SPANISH WOMEN IN A CHANGING WORLD: Strategies in the search for self-fulfilment through antiquities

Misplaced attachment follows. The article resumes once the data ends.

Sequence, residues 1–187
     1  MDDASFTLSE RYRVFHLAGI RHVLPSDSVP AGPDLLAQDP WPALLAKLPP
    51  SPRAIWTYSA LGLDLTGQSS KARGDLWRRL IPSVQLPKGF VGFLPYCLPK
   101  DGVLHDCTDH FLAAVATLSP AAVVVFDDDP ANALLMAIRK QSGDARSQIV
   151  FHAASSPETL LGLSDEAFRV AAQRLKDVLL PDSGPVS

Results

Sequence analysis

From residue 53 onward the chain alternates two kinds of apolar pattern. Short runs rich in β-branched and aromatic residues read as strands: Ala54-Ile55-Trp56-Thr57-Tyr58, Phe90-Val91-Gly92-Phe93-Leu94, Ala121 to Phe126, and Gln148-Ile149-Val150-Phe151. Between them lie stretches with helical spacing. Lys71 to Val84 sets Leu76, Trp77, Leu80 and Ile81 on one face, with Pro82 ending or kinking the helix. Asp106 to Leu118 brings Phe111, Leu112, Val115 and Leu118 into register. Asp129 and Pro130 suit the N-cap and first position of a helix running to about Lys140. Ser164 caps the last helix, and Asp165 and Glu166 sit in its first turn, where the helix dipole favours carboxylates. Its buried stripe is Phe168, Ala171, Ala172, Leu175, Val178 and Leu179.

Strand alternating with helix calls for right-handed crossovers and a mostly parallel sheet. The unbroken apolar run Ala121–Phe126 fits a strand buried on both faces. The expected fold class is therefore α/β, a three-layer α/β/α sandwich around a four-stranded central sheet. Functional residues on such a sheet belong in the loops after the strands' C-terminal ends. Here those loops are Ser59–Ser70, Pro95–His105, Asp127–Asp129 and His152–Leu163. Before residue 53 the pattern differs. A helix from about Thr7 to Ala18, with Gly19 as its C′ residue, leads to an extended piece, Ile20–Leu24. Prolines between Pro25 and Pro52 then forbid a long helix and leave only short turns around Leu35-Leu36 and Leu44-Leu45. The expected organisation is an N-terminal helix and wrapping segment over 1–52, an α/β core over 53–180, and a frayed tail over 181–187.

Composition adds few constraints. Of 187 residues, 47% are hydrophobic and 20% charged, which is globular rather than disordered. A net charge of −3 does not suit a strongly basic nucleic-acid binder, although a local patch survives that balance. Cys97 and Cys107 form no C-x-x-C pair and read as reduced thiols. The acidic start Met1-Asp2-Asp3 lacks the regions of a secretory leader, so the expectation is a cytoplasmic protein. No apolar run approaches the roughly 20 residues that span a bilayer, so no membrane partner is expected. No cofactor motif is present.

Complete or virtual absence of women is a common characteristic in all histories of archaeology, and Spain is no exception in this respect.! Yet in this chapter alone more than 30 women archaeologists are mentioned. Women have been excluded from the dominant discourse, have been almost eliminated from the narration of the development of a discipline, have been hidden, considered as unimportant, almost non-existent. Selection means judgement, judgement made in a specific socio-political climate. We need, therefore, to reflect on what facts have been selected to make women disappear from histories of archaeology: evidence based on publications and participation in open debates2 - areas in which women, it is true, have until recently been little involved. However, women's absence from the public sphere should not be taken to imply that their contribution to the discipline has been insignificant; their absence from histories of archaeology is unjustified.